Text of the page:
Hon. Pierre J. Dalphond: The $4,000 issue goes back a very long time — too long, sadly. As our colleague said, it represents an aristocratic position with regard to the prevailing notion of the country’s upper chamber. At the time, the objective was to have important people, landowners, sit in the Senate.
When I was asked to sit in the Senate, I calculated what that $4,000 might be worth in today’s dollars. Depending on the rates that are used, and they vary a lot — the Canadian dollar did not exist in 1867 and banknotes were issued by certain banks — the money needed to be converted into pounds sterling and then reconverted according to the conversion rate of the time. Based on the rates, today that amount represents between $2 million and $3 million. That is a significant amount of money and very few Canadians, not even me, would have the opportunity to sit here today if they were required to have that much money.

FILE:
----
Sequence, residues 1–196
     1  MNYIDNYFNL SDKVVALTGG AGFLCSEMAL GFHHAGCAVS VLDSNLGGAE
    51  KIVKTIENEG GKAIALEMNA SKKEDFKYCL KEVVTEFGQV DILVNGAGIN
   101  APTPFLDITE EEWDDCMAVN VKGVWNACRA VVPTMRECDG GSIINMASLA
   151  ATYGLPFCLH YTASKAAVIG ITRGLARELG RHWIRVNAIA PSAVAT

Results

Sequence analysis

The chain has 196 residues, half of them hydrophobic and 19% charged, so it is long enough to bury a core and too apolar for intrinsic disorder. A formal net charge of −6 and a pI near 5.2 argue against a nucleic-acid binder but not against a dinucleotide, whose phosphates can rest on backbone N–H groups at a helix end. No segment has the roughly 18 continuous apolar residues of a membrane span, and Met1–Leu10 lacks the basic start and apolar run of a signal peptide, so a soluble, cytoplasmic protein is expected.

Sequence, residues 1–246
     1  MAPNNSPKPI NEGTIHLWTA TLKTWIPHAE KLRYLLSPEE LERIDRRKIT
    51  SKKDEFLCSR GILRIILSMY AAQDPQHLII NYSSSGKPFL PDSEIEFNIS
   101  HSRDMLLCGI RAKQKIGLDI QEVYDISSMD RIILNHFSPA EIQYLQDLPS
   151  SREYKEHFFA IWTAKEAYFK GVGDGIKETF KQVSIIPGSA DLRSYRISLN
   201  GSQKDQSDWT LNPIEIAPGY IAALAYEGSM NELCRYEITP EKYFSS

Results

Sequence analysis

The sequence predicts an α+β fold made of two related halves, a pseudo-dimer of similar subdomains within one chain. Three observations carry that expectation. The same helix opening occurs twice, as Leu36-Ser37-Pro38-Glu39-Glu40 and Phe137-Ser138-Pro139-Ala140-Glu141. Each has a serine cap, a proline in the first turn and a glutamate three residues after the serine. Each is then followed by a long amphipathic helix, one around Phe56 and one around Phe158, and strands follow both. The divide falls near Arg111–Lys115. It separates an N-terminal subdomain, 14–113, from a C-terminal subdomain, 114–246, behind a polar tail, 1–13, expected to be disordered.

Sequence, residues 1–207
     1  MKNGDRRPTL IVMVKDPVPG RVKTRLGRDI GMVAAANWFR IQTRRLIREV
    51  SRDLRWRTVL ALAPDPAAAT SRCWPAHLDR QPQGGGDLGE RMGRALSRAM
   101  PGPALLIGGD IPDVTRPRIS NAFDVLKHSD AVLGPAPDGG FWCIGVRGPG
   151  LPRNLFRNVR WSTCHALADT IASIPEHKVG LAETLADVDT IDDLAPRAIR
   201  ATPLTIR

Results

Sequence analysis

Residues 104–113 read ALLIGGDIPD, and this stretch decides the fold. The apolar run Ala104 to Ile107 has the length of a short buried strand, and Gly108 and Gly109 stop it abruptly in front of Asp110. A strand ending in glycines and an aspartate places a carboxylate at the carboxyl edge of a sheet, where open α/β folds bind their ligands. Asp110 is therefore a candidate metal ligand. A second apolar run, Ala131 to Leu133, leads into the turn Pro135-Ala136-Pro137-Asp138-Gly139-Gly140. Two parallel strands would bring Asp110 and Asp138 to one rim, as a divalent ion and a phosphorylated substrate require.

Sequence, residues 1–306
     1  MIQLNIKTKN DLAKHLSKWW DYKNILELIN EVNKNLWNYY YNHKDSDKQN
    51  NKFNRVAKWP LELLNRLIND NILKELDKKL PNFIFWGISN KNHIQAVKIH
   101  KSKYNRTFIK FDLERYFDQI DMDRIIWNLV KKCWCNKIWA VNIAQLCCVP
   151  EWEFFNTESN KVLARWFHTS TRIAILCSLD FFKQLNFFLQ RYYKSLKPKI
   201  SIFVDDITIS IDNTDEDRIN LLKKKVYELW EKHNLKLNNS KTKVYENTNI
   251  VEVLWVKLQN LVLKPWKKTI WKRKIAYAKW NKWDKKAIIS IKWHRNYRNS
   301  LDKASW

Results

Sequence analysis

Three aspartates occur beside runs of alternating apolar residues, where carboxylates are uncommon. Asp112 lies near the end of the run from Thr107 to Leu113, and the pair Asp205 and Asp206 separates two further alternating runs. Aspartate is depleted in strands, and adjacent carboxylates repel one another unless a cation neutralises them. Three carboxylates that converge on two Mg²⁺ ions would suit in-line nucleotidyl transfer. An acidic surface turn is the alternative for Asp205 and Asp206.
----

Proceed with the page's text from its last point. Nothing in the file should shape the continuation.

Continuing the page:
This measure was founded not on a democratic spirit, but at the behest of John A. Macdonald, who wanted to have a chamber that controlled democracy and tempered the will of elected members, who perhaps didn’t adequately represent the interests of landowners in the country. At the time, members of Parliament were elected by men only. What’s more, they may have been perceived as people who weren’t to be trusted.
I’m pleased that our colleague, Senator Patterson, is proposing eliminating this measure, which was essentially undemocratic. The measure’s intent was to make this chamber off limits to everyone except landowners or people with property interests to protect.
The time has come to address this issue. Unfortunately, senators from Quebec must not only own property worth $4,000, but they must also have land holdings in certain divisions. This also involves the province.
Senator Patterson, I invite you to move your motion and I thank you for your interest in this matter.
Hon. Senators: Hear, hear!